1,700-year-old 'emergency hoard' of coins dates to last revolt of Jews against Roman rule

Dozens of silver and bronze coins
The silver and bronze coins were likely hidden by someone during the revolt. (Image credit: Dafna Gazit, Israel Antiquities Authority)

A hoard of 1,700-year-old coins found in Israel provides new evidence about the last known Jewish revolt against Roman rule.

Archaeologists found the hidden coins while conducting excavations inside the remains of a newly discovered public building dating to the Late Roman-Early Byzantine period in Lod (also known as Lydda), a city in what is now central Israel that the Romans renamed "Diospolis," according to a statement from the Israel Antiquities Authority (IAA).

Despite the building having "suffered violent destruction" at the time of the revolt, its surviving foundation protected 94 silver and bronze coins dating to between A.D. 221 and 354. Whoever's stash it was, they likely "deliberately placed" it inside the building in hopes of returning to collect it when the situation calmed down, according to the statement.

"This is essentially an emergency hoard, meaning a hoard that people hide in anticipation of a catastrophic event," Mor Viezel, an excavator with the IAA, said in a translated video. 

Many of the coins were struck during the Gallus Revolt (A.D. 351 to 354), a tumultuous time when Jews rebelled against the rule of Flavius Claudius Constantius Gallus, the half-nephew of Constantine the Great (the first Roman emperor to convert to Christianity) and ruler of the Roman Empire's eastern provinces at the time. Lod was just one of several Jewish communities that revolted as the Romans "burned and destroyed" several cities' buildings, according to the video. 

Related: 1,900-year-old coins from Jewish revolt against the Romans discovered in the Judean desert

Other cities that were attacked include Tiberias and Sepphoris, Viezel added. By the time of the Gallus Revolt, Jews in Judaea had been revolting against Roman rule for hundreds of years. During the First Jewish-Roman War (A.D. 66 to 70), the Romans destroyed the Second Temple, and later during the Bar Kokhba Revolt (A.D. 132 to 135), the Romans crushed the Jewish resistance that was fighting for an independent state.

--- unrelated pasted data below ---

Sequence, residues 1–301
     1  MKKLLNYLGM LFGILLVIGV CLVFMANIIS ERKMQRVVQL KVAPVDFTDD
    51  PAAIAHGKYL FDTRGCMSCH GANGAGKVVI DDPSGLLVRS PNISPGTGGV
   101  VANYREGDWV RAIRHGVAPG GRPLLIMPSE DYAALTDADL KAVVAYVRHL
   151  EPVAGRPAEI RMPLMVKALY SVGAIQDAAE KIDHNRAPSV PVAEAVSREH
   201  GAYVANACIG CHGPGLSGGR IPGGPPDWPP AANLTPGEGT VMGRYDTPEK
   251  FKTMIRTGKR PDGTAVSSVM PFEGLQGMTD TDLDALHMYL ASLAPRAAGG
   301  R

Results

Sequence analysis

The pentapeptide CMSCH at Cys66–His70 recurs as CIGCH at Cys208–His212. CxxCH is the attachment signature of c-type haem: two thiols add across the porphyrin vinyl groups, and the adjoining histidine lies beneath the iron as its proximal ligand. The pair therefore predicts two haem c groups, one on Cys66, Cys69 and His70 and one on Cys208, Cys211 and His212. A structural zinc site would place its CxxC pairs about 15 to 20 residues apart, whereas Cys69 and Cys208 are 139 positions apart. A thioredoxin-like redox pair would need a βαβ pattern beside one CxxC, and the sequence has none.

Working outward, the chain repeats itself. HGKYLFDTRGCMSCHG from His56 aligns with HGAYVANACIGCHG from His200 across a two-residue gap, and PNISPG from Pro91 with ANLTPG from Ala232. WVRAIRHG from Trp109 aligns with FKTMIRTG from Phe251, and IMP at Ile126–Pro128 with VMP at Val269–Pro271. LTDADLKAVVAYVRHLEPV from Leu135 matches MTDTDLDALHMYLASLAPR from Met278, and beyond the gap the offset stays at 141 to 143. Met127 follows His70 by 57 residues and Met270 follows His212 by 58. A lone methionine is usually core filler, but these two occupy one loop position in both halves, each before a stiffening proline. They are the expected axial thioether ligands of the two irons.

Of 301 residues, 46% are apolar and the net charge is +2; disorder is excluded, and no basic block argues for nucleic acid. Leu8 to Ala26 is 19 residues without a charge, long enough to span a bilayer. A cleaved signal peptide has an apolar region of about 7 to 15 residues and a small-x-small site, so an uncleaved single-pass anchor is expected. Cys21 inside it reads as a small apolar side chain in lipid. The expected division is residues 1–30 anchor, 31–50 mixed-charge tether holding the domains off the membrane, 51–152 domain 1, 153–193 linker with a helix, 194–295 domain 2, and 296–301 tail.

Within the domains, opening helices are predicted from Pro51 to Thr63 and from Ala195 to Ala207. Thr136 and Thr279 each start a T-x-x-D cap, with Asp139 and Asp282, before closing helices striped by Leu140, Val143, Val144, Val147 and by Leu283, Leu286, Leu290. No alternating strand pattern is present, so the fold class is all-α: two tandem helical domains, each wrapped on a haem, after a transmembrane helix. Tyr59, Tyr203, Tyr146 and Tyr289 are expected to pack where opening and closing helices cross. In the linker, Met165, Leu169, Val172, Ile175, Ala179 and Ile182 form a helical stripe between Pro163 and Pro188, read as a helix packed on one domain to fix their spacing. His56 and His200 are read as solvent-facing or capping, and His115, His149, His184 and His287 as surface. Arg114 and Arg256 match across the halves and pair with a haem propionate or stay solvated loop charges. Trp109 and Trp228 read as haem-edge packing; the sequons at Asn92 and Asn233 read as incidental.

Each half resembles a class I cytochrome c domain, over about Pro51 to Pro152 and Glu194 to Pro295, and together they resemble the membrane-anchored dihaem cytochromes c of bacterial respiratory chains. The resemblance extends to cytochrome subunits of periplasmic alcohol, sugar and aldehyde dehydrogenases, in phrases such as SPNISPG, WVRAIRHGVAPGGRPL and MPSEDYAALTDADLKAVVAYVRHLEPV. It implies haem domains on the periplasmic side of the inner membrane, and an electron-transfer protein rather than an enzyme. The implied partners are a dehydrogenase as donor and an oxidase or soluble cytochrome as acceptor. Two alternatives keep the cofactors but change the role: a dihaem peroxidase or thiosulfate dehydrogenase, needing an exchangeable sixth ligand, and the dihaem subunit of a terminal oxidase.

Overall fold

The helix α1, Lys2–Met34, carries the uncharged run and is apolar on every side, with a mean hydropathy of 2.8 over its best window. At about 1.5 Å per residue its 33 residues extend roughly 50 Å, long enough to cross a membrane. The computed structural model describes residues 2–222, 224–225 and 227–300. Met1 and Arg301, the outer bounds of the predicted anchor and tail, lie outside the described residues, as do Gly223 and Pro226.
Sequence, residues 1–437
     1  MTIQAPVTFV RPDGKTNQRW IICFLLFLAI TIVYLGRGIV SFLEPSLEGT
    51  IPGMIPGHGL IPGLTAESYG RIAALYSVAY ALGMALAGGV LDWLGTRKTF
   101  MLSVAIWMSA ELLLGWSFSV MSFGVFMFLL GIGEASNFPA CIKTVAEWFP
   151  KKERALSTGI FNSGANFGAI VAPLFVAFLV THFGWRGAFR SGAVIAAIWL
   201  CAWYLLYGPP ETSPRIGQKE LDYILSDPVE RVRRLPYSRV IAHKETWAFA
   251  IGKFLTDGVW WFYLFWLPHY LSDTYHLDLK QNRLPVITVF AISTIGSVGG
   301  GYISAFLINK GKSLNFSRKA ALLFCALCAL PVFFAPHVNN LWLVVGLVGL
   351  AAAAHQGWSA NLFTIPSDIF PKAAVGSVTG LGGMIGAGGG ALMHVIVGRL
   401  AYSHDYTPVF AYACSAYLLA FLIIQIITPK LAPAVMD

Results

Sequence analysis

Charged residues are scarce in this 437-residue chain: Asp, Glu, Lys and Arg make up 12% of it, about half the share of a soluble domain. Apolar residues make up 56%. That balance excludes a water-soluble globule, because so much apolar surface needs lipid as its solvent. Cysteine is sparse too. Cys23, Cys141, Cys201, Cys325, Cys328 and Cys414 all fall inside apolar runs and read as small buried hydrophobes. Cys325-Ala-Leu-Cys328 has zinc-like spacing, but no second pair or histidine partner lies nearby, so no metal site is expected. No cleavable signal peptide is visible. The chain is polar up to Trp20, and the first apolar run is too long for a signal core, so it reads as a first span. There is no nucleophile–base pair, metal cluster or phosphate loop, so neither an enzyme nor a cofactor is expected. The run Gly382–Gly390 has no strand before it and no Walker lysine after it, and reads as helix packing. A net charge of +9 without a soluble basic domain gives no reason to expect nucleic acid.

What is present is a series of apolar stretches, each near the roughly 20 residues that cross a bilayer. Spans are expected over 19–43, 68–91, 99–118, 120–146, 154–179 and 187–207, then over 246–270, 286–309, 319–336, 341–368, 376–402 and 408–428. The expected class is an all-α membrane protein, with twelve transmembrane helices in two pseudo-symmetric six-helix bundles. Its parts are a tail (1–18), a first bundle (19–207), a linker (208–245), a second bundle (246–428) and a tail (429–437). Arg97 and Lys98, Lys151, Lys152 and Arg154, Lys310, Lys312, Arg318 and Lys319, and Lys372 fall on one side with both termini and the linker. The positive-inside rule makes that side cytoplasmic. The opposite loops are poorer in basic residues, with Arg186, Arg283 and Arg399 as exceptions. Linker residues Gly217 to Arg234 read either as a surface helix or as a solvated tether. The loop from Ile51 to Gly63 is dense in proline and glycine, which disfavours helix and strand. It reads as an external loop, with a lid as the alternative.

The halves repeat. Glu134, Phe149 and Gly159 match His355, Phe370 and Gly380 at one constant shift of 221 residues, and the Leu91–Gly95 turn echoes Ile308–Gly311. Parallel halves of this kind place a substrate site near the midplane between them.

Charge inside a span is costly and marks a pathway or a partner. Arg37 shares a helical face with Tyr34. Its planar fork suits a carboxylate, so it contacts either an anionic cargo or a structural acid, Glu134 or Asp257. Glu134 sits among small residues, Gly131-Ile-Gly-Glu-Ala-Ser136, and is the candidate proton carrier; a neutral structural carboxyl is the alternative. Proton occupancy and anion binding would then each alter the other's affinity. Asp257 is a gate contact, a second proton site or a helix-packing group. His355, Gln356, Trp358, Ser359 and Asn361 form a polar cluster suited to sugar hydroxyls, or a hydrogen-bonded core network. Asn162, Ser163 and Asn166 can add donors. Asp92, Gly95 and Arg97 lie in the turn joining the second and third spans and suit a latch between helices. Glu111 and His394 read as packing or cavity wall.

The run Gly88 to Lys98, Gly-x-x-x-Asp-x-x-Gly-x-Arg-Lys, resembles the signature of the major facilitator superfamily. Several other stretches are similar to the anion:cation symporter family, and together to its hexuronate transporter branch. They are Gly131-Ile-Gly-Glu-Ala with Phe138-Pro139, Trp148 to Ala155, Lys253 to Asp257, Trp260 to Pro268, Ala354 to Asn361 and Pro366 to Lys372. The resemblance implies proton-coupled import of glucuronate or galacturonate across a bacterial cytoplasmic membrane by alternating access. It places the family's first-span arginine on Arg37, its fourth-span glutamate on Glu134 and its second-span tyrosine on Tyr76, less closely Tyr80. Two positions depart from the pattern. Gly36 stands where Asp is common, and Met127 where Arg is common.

An aerial view of the building in Lod that was destroyed by Romans.  (Image credit: Assaf Peretz, Israel Antiquities Authority)

"This building, destroyed down to its very foundation, is a clear indication that the revolt was forcefully put down with violence and cruelty, and was not simply a local uprising event as some earlier studies contended," IAA excavator Shahar Krispin and Viezel said in the statement. "From Talmudic writings we know that Lod was a most significant [Jewish] center in the aftermath of the Second Temple's destruction in Jerusalem."

In addition to the coins, researchers found "impressive stone and marble artifacts" containing Greek, Hebrew and Latin inscriptions. One item, which is currently being studied further, mentions the name of "a Jewish man from a priestly family."

However, it's unclear how Jews used the building before it was destroyed in the revolt. "It is difficult to determine if this magnificent building served as [a] synagogue, study hall, meeting hall of the elders or all three of these functions as one," Joshua Schwartz, a professor and chair of the IAA, said in the statement.

The findings will be presented at the Central Israel Region Archaeological Conference in Tel Aviv on June 20.

Jennifer Nalewicki
Live Science Staff Writer

Jennifer Nalewicki is a Salt Lake City-based journalist whose work has been featured in The New York Times, Smithsonian Magazine, Scientific American, Popular Mechanics and more. She covers several science topics from planet Earth to paleontology and archaeology to health and culture. Prior to freelancing, Jennifer held an Editor role at Time Inc. Jennifer has a bachelor's degree in Journalism from The University of Texas at Austin.